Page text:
Congresswoman Yedda Romualdez, the Chairperson of the House of Representatives Committee on the Welfare of Children, also shared her commitment and current efforts to #ShutDownOSEC, “My commitment is to ensure online safety for all of our children. In the coming weeks, the House Committee on the Welfare of Children will be deliberating on the proposed Safer Internet bills … We will make sure that internet platforms will be forced to remove illegal, harmful, inappropriate content, and prioritize the protection of users, especially children, young people, and vulnerable adults.”

    In solidarity with them were representatives from the Executive branch of government–PBGen. Alessandro Abella, Chief of the Women and Child Protection Center of the Philippine National Police, Atty. Emmeline Aglipay-Villar, Undersecretary of the Department of Justice, and Datu Mussolini Lidasan, Parliament Member of the Bangsamoro Transition Authority.


    “The PNP greatly supports #ShutDownOSEC. On our [end], we are continuously conducting capacity-building activities and maintaining collaboration with our partner government agencies,” according Chief Abella.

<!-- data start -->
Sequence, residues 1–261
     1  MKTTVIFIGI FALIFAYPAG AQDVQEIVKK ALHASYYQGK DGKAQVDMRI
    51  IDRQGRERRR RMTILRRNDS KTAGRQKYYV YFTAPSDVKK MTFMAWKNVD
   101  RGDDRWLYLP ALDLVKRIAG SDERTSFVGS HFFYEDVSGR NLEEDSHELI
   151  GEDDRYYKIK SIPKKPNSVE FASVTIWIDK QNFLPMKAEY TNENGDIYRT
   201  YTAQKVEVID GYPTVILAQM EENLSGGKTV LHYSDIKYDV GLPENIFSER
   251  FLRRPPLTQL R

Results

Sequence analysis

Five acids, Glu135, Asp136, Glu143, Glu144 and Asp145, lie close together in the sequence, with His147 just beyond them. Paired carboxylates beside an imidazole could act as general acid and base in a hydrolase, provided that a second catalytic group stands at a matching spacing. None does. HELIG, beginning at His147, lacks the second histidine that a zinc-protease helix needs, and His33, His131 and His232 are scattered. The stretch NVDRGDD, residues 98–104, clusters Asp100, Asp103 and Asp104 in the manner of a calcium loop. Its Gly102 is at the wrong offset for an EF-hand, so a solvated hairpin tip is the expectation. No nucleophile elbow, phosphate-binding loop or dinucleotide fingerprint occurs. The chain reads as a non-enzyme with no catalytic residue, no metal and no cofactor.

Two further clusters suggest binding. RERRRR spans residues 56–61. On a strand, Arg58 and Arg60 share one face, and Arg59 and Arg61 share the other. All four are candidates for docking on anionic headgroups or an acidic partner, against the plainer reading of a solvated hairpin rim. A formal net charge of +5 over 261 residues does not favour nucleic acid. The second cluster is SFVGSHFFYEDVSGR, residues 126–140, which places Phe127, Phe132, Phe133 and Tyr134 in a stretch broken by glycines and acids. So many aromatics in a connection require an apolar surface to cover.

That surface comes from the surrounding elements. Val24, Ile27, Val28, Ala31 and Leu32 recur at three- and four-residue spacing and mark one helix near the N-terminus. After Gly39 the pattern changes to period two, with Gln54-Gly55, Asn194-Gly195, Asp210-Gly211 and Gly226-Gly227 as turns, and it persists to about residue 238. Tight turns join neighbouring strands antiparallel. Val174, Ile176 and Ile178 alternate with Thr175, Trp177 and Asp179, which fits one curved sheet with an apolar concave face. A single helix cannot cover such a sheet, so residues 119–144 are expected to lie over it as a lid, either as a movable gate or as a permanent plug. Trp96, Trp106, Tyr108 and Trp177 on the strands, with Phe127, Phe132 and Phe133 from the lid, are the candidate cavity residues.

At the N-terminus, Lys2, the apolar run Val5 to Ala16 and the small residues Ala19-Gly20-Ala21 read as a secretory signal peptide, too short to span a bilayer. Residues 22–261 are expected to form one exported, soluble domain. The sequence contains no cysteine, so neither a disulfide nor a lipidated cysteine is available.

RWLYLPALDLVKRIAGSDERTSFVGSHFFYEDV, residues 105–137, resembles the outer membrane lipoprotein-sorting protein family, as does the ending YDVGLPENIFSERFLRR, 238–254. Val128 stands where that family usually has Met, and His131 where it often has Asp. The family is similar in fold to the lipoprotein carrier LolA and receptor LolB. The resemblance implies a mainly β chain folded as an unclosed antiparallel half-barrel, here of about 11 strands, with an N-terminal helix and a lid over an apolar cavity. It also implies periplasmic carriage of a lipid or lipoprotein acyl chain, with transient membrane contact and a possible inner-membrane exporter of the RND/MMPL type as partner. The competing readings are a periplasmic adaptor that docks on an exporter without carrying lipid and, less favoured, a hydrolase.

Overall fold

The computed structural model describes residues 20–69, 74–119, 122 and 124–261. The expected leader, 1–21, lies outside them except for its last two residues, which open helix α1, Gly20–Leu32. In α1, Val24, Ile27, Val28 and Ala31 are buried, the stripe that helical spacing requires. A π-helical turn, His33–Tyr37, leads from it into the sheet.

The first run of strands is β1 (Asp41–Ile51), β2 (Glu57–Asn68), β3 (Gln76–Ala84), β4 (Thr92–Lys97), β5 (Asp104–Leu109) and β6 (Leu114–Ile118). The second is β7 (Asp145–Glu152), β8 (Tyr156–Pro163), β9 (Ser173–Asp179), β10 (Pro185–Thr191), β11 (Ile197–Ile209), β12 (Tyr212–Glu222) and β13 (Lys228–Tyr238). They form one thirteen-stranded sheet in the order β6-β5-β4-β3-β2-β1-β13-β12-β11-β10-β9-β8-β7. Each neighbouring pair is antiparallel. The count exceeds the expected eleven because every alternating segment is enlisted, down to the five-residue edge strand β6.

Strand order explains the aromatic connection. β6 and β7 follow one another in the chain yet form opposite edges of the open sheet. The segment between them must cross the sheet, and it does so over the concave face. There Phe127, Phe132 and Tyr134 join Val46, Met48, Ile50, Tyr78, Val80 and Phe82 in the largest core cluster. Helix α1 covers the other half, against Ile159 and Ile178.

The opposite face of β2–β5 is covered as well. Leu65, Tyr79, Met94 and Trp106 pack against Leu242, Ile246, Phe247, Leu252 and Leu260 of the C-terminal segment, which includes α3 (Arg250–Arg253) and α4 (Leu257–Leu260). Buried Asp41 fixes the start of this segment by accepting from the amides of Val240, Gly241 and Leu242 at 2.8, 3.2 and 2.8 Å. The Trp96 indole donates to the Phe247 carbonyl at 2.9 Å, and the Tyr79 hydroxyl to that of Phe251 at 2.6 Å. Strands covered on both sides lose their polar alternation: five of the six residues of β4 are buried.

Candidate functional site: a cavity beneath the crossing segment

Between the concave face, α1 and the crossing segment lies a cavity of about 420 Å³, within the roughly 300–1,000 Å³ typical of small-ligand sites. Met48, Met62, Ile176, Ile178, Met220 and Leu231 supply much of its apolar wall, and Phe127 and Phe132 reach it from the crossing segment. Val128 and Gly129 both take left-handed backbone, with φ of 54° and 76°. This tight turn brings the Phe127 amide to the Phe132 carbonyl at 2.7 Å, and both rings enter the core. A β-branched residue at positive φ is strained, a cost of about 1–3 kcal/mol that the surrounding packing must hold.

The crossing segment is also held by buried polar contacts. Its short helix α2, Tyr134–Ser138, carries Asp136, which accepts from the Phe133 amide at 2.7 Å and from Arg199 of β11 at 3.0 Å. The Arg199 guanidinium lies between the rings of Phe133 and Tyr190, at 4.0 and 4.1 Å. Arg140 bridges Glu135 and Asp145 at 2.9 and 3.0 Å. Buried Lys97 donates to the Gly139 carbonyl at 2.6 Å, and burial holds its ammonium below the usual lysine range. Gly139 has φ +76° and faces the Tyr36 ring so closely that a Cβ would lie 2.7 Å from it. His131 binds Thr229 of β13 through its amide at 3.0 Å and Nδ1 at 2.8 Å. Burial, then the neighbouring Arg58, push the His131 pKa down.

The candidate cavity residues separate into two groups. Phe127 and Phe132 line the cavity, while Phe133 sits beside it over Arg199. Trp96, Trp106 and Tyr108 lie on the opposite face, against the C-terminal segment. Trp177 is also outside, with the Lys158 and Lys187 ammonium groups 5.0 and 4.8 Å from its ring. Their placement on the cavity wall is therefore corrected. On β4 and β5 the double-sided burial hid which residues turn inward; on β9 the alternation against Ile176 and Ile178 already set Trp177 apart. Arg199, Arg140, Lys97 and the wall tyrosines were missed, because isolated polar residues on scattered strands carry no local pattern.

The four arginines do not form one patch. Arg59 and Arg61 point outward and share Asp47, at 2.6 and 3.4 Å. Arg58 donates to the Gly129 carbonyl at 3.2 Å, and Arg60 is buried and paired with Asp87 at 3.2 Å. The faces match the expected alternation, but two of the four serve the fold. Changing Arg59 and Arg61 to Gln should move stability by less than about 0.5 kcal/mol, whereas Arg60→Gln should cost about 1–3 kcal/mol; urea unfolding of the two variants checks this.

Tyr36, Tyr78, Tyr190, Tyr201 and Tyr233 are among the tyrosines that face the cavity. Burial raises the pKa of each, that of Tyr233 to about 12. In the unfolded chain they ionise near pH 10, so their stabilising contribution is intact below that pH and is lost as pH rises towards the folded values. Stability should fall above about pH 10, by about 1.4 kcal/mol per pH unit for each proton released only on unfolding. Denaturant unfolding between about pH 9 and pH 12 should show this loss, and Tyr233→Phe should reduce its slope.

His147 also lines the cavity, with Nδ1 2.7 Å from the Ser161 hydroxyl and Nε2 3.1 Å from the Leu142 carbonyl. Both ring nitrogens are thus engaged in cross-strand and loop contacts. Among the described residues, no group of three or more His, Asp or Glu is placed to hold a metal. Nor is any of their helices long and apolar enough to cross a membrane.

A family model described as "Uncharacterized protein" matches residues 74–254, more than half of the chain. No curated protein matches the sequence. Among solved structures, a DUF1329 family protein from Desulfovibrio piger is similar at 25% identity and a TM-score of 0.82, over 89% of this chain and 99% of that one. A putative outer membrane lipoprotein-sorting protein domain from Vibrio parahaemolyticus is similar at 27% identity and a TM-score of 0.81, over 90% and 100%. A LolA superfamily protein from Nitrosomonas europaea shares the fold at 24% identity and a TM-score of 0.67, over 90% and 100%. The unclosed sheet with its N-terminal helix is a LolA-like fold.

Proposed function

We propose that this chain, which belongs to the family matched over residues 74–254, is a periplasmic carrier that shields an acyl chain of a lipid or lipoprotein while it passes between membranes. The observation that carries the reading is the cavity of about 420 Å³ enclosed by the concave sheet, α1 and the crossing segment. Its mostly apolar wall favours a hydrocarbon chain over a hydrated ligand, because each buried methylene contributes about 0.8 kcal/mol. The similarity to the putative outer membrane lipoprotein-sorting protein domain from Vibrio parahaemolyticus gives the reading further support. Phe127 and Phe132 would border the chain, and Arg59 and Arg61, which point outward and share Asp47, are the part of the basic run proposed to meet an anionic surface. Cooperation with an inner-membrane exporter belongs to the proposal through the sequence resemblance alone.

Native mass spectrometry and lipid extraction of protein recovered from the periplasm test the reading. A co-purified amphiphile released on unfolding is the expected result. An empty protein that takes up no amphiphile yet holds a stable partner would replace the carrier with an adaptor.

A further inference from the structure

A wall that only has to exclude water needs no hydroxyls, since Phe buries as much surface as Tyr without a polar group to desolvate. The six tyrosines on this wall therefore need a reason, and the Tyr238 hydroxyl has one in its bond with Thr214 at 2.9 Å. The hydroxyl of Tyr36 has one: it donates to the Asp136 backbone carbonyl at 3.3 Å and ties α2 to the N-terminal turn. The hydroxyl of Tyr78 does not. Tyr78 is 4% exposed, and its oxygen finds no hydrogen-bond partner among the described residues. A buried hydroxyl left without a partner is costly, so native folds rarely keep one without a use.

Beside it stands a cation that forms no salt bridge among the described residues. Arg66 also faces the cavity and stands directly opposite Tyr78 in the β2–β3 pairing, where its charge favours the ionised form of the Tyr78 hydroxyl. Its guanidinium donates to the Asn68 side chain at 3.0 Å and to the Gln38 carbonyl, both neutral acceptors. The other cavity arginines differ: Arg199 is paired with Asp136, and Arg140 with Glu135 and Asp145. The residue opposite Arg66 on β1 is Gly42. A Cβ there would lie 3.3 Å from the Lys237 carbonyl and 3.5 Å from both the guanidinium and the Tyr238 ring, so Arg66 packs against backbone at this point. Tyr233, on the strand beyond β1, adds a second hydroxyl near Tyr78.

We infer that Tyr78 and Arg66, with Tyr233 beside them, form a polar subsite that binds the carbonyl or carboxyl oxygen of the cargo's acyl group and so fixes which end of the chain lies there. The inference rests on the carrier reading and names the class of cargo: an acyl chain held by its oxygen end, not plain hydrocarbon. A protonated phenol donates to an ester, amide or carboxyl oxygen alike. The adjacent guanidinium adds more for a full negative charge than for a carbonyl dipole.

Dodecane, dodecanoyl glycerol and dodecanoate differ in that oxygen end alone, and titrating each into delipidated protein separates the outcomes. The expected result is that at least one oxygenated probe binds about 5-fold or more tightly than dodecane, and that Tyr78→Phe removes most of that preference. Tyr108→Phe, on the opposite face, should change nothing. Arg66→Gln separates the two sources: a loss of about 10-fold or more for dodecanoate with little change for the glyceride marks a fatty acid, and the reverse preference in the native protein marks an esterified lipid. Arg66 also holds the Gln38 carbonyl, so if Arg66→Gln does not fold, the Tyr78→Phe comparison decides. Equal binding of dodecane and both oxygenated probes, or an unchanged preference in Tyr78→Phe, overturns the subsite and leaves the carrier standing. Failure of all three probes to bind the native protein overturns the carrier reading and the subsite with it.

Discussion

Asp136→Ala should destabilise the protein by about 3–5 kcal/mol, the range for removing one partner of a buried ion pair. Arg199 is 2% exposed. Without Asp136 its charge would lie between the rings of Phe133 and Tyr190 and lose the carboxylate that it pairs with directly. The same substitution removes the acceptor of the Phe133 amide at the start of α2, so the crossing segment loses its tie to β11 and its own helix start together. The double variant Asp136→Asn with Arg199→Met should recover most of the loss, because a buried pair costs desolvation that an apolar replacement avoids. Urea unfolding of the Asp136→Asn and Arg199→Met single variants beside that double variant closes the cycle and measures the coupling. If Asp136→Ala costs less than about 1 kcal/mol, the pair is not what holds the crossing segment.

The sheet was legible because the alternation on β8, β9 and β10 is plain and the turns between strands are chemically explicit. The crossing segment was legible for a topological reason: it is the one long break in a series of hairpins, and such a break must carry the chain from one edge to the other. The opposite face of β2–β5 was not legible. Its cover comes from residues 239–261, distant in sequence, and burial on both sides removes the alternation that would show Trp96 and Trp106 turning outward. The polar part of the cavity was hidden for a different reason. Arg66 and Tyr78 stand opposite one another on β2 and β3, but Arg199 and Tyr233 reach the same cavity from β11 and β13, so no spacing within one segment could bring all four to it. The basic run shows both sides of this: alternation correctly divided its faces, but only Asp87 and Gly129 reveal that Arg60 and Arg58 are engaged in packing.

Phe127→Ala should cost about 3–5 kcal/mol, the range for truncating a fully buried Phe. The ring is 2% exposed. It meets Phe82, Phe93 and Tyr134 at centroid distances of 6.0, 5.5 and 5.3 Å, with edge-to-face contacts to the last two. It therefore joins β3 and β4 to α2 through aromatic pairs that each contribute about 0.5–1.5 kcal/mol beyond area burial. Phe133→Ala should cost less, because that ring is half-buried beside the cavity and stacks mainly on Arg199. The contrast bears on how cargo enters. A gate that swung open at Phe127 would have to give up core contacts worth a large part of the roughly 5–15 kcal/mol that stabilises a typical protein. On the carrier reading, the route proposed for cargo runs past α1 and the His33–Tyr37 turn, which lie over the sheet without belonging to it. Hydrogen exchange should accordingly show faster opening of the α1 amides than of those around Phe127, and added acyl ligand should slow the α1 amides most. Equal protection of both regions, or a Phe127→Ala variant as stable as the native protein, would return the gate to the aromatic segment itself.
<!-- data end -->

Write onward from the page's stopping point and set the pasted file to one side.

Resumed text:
Highlighting the importance of collaboration, Atty. Aglipay-Villar manifested that, “The Inter-Agency Council Against Trafficking (IACACT) have all agreed to work closely together to combat child trafficking, most especially OSEC.”

    She continues by saying that ending OSEC is a shared responsibility, “The government alone cannot end this scourge. We will need the help of everyone to find a sustainable solution to this problem that affects every nation in the planet.”


    Datu Lidasan also expressed the support of the Bangsamoro Transition Authority. He mentions that the Bangsamoro Organic Law “should take into consideration the interests of children, as well as, promote their rights.”